Activists and the Syrian National Coalition have reported claims of another chemical attack in Syria in the Idlib province. The incident is said to have occurred on Sunday, Feb. 4. The Syrian government, headed by President Bashar al-Assad, denies the claims that his government has used chemical weapons on its own citizens in the battle to regain control over war-torn Syria. The U.N. has condemned the actions and called again for a solution towards peace in Syria.
The Syrian National Coalition, also known as the National Coalition for Syrian Revolutionary and Opposition Forces, is one of many opposition groups vying for power in the area. Its goal is the overthrow of Bashar al-Assad’s regime, followed by a transition to a democratic and pluralistic state, according to the BBC.
Russia is a close ally of the Assad regime and has vetoed resolutions regarding the Syrian conflict and specifically attempts to point to the Syrian government as responsible for these chemical attacks. Though a joint report from the United Nations and international chemical weapons inspectors concluded that the Assad regime was responsible for the chemical weapons attack, Russia has continued to prop up the governmental regime through the use of vetoes, as well as assisted military action in Syria itself.
According to CNN, President Trump had previously urged United Nations Security Council members to vote to renew the mandate of the United Nations to ensure that the Assad regime “does not commit mass murder with chemical weapons ever again.”
In 2013, Syria joined the Chemical Weapons Convention, prohibiting the use of chemicals such as chlorine gas, which was used in the latest attacks. Though Syria joined this convention, it is questionable that they disposed of their chemical weapons stockpile and evidence from the more recent attacks are suggesting otherwise.
The Syrian American Medical Society (SAMS) has been documenting, treating and providing humanitarian aid to people in Syria for twenty years, and still, today works on the front lines of the conflict. According to SAMS, “Since the beginning of the conflict, medical workers and first responders in Syria have treated victims from at least 161 chemical attacks.”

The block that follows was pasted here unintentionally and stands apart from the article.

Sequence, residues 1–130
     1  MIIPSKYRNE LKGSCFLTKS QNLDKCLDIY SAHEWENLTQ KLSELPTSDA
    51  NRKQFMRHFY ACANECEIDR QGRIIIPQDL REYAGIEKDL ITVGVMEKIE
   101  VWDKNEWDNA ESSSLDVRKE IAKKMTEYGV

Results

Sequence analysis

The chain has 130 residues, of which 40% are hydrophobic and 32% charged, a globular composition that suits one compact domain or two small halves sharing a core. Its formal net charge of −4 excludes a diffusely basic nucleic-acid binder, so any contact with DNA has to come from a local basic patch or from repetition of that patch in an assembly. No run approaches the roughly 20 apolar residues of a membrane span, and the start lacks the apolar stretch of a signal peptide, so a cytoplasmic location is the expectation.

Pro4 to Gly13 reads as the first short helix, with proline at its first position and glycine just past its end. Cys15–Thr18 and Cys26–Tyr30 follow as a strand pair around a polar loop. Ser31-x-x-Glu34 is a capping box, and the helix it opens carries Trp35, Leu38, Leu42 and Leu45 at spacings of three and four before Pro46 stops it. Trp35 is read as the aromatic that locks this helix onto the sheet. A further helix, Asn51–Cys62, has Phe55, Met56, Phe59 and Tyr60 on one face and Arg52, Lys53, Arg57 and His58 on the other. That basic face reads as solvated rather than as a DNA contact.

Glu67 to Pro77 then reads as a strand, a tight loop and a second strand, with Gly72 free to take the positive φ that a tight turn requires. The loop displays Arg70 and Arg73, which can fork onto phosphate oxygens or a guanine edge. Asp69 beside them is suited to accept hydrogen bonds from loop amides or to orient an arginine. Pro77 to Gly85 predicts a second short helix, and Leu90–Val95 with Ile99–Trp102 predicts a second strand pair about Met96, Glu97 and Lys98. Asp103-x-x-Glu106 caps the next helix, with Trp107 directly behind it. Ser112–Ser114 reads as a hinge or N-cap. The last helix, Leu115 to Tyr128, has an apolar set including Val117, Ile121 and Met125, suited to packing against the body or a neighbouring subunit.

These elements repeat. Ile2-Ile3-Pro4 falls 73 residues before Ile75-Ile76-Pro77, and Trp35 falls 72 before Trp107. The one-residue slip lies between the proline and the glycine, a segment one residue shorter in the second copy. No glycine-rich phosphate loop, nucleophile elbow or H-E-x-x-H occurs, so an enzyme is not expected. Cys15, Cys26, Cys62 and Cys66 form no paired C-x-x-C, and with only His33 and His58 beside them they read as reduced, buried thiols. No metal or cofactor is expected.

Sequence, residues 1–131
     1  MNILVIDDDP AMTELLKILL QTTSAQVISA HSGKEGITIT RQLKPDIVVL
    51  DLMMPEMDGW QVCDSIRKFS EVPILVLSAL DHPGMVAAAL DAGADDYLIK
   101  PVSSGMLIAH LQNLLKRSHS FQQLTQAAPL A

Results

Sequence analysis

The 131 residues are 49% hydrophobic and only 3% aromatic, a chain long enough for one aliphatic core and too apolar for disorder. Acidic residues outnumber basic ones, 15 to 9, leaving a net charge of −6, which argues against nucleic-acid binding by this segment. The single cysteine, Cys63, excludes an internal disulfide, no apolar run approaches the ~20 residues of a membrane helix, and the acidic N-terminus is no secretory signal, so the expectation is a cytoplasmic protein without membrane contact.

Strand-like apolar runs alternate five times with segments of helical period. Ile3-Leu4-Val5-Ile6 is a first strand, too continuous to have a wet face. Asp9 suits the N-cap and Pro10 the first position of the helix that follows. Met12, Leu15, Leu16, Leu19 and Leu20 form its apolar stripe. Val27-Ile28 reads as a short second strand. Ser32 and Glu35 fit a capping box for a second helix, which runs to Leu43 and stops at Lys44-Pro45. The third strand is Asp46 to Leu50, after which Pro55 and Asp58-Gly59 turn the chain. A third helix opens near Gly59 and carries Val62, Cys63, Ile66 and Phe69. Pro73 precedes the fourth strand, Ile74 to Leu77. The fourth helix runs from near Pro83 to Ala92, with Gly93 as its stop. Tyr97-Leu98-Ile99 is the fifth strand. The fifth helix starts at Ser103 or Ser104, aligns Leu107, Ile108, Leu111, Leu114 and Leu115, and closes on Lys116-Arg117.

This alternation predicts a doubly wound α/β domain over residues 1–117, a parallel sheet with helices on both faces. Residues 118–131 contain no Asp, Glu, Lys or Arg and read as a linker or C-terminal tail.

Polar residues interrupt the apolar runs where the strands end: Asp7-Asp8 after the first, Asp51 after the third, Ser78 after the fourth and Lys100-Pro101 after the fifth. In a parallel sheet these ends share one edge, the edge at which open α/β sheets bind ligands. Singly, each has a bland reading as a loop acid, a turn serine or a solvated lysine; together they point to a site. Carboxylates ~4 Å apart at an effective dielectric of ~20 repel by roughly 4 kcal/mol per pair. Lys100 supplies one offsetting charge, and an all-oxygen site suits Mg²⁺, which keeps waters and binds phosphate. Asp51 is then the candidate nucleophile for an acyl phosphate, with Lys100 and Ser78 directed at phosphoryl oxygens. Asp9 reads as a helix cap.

SAMS also note the psychological effects of chemical weapons attacks on the people of Syria, stating “Chemical attacks have generated intense fear and psychological trauma, led to birth defects and long-term health effects, broken down communities, and driven mass internal displacement and displacement into neighboring countries.” The group emphasizes that these attacks have become the new normal, due their frequency in the lives of people living through the conflict.
According to Al Jazeera, many people are unaware of the correct course of action to take to minimize bodily harm and death in these attacks. Once the canisters full of chemicals are dropped, the gas is quickly released. Many families go into their basements to hide, as one would in other forms of attacks, but chlorine gas is heavier than air, making it sink downward where families are attempting to hide. The gas becomes trapped in the basement and effectively acts as a chamber, killing or severely injuring those within.
Though the UN condemned the actions and are investigating the reports many view this as equivalent to no action because the Assad regime continues to ignore international laws that prohibit the use of chemical weapons and their close relationship with Vladimir Putin’s Russia continues to shield them from consequences.